25. In portuguese three (três) and chinese (chinês) rime and 'little monkey' (macaquinho) has the right number of sylables to make it sound good

  26. "Little monkey of the chinese" is "um dois três... macaquinho do chinês" as "chinês" rimes with 3 (três), it also comes with a little simple melody.

  27. ehm what? 1,2,3 cheese is something you say when a child needs to smile for a picture. never heard of red light green light

  28. If someone in Scotland ever said the phrase "peep behind the curtain" they'd be swiftly sent away for a very long time.

  29. "Zitiglese/ reading the newspapers" is pretty common in the swissgerman parts of switzerland... At least in Bern and Zurich but I guess it's not that different in the other cantons

  30. Never heard these expressions in northern Germany either. I know the game as "One cup of tea with sugar" or "fisherman, fisherman, how deep's the water?". Although the latter also specifies the kind of movement used (or mimicked)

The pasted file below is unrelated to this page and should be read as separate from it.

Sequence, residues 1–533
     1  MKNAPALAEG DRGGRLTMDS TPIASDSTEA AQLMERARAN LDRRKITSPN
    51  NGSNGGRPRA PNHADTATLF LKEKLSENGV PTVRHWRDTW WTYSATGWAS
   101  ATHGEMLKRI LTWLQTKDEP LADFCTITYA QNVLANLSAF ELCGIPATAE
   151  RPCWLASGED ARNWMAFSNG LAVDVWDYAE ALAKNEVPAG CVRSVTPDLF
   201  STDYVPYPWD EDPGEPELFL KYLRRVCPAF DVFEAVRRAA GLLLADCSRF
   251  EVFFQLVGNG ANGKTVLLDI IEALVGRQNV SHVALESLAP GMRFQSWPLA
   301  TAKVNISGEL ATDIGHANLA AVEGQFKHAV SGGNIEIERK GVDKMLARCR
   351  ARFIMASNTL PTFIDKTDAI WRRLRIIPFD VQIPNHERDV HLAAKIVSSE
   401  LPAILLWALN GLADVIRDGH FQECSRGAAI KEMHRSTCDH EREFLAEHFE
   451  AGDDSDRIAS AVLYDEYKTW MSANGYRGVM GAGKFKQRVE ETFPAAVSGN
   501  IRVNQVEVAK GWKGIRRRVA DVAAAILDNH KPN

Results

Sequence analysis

31. where are mods, this map is completely wrong and totally made up. 9/10 comments says it is wrong remove it?

  32. tiene muchos nombres, se vé, varía por la zona creo, había otro usuario diciendo que es "el pajarito inglés", en cambio en donde vivo es " el pollito inglés"

  33. En Andalucía, zona de Sevilla al menos, es "1, 2, 3 pollito inglés" (derivado del escondite), que es lo que aparece en el mapa "1,2,3 little English chicken"

  34. "1,2,3 pollito inglés" is how I played it in my childhood in Venezuela, guess whoever brought it to Latin America was from the same area.

  35. Are english speakers upvoting this? Because everyone seems to say that their language is wrong. Mine is wrong as well by the way.

  36. All the English speakers are saying it's wrong for their countries, too... Who the heck is upvoting this?

  37. For Spain there is actually different names in Spanish, let alone other languages in the country.